06 May 2010

China's Energy Intensity Increases

Reuters reports that China's energy intensity -- that is, energy consumption per unit of GDP -- has increased during 2010:
China's energy use in generating each dollar of gross domestic product rose 3.2 percent in the first quarter from a year earlier, state media cited a cabinet statement as saying on Thursday.

The increase, which reversed steady declines in the previous years, poses severe challenges for China to meet its goal of reducing energy intensity by 20 percent from 2005 to 2010, Premier Wen Jiabao said, according to the People's Daily.

From 2005 to 2009, China has brought its energy intensity -- the amount of fuel needed for generate each dollar of national income -- down by 14.38 percent.

"This greatly increased the difficulty of our work for the last three quarters of this year," Wen was cited as telling a cabinet work meeting on Wednesday.

This means, almost certainly, that China's economy has become more carbon intensive in 2010. This should not come as a surprise, despite the praise for some quarters given to China for its green energy policies.

Last fall I took a look at China's promises for short- and long-term intensity goals (both energy and carbon) and found them to be unrealistic. In a letter to Nature (PDF) on China's long-term target I wrote:
. . . projections of business-as-usual decarbonization from any country that are at rates three times higher than recent historical averages should be greeted with appropriate scepticism.
China now seems all but certain to miss its short-term target, though Chinese Premier Wen Jiabao promises to use an "iron hand" to get back on track. Of course, the greater the effort made to reduce inefficiencies to meet short-term targets, the harder the task remaining to hit long-term targets, as the so-called "low hanging fruit" will have already been harvested.


  1. Of course, the greater the effort made to reduce inefficiencies to meet short-term targets, the harder the task remaining to hit long-term targets, as the so-called "low hanging fruit" will have already been harvested.

    I wouldn't say the task to hit long-term targets is harder based on harvesting "low hanging fruit" in the short-term. Short-term fixes almost always deal with "low hanging fruit"; long-term fixes need to deal with systemic changes. It'd be naive for anyone (individual, company, country) to count on low hanging fruit to hit long-term targets; it'd also be a sign that they aren't serious about making real changes.

  2. http://www.businessweek.com/news/2010-05-05/china-s-coal-price-rises-as-drought-cuts-stockpiles-update1-.html

    "China, the world’s second-biggest electricity producer, is counting on its coal-fired power plants to offset a reduction in hydropower because of a dry spell in the southwest that’s lasted six months."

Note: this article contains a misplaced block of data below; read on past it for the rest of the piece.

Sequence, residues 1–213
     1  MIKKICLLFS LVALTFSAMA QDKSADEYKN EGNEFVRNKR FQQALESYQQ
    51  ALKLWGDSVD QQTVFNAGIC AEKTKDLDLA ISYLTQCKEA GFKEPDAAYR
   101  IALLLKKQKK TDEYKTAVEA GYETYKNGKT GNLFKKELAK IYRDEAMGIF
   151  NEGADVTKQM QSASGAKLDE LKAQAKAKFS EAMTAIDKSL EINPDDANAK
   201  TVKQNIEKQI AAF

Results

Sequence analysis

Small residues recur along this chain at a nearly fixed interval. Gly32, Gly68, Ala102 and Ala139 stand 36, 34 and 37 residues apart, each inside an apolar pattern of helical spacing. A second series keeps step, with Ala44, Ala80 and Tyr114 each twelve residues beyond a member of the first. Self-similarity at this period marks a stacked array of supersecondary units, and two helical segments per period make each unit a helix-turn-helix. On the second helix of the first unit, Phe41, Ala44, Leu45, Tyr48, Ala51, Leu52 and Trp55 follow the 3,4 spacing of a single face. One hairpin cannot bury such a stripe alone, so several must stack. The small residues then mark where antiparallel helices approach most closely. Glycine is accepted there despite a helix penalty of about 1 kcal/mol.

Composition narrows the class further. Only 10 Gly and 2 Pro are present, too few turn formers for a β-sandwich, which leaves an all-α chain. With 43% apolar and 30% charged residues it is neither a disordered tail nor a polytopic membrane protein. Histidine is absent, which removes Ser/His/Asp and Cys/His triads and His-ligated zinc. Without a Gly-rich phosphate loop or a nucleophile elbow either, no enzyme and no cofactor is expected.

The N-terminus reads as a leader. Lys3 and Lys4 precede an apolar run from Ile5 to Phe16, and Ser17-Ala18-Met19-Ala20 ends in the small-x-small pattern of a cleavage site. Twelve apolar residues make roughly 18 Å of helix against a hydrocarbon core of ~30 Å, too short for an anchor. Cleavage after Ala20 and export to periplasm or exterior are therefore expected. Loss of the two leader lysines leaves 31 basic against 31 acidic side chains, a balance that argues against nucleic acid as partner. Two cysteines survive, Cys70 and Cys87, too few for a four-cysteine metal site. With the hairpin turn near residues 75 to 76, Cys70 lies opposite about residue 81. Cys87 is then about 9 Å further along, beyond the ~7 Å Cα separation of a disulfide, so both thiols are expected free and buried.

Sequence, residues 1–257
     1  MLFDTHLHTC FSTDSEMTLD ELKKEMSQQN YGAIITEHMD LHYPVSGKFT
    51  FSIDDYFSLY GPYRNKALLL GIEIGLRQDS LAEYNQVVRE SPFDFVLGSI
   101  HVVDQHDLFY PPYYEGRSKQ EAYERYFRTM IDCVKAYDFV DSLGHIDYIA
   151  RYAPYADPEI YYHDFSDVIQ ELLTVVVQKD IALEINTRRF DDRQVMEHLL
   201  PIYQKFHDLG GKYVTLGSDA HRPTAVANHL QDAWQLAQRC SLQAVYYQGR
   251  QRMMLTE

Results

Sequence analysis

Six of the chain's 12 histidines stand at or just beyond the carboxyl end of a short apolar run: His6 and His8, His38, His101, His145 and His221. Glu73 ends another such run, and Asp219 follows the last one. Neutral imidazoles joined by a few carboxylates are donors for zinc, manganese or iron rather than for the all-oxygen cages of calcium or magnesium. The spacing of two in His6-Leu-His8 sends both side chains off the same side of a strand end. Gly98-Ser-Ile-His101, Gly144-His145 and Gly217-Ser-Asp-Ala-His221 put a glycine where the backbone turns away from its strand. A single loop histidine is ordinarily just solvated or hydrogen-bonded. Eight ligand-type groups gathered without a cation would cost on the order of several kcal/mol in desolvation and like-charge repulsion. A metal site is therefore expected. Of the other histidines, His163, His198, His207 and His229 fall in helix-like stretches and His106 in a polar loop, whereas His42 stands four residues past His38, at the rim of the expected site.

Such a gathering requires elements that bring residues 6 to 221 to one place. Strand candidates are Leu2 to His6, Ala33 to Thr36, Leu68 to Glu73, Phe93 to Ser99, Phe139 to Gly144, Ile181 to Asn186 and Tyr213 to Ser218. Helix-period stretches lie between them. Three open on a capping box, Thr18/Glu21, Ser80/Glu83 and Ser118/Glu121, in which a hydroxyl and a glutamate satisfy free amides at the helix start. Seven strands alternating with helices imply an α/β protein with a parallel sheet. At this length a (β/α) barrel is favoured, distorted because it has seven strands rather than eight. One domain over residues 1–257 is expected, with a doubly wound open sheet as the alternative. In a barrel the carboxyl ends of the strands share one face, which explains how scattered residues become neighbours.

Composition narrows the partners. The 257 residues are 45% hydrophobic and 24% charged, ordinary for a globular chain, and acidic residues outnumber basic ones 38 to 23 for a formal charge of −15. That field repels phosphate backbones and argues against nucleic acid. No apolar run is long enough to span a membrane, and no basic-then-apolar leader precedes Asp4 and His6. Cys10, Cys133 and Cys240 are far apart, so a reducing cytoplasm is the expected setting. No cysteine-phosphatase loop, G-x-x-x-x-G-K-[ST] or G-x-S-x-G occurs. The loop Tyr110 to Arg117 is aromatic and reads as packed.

It's quite interesting how the exact same natural phenomena, a dry spell, is interpreted one way in the climate community and another way in the energy community. :)

    The energy community attributes a significant portion of china's increased demand for coal to a short term weather problem.

    The climate community sees it as a symptom of a longer term problem.

    China's Hydro-power Capacity is 172 Gigawatts.
    20-25% of total capacity with plans to expand to 300 Gigawatts by 2020.

    A 'dry spell' is going to have a large temporary impact on 'carbon intensity'.

  3. I ma certain the Chinese government cares deeply about carbon dioxide and is doing everything in its power to do its fair share to save the world.

    Because they respect Al Gore.
    Because they respect Western style democracy.
    Because the believe Greenpeace & the WWF are "altruistic".
    Because they feel obligated to "do their fair part"

    Really, that's what the Chines government believes.
    It was in my fortune cookie at the Golden Palace where I had dinner last night.

  4. According to estimates of the supply and consumption of primary energy in China published by the International Energy Agency (“Energy Balances of Non-OECD Countries (2009 Edition)”, p. II.92), the contribution of each of the main sources to China's total supply of energy in 2007 were: Coal and peat, 65.7%; Other fossil fuels, 21.7%; Combustible renewables and waste, 9.9%; Hydro-electricity, 2.1%; Nuclear, 0.8%; and All other (geothermal, wind, solar, etc), 0.3%.

    In the same year the main sources of energy for electric power generation in China were: Coal and peat, 81.0%; Other fossil fuels, 2.0%; Hydro, 14.8%; Nuclear, 1.9%; and All other, 0.3%.

    These figures confirm that a 'dry spell' could temporarily raise the demand for electricity from coal-fired plants, but suggest that there would only be a slight effect on total energy used (and hence on CO2 emissions).

  5. The US has about half the hydro capacity of China.

    In the US in 2001 we produced 216 million megawatts from hydro,a dry spell year,
    in 2009 we produced 274 million megawatts. About a 20% swing due to 'weather'.

    China's 2007 14% Hydro x .20 reduction due to dry spell = 2.8%.

    I do believe they had an unusually cold winter along with a few other countries as well.

  6. When all else fails...change how the statistics are calculated.


    The National Bureau of Statistics on Thursday revised the energy consumption per GDP unit during 2006-2009.

    "Decline of energy consumption per GDP unit during 2006-2009 were revised from 1.79 percent, 3.66 percent, 4.6 percent and 2.2 percent to 2.74 percent, 5.04 percent, 5.20 percent and 3.61 percent, respectively."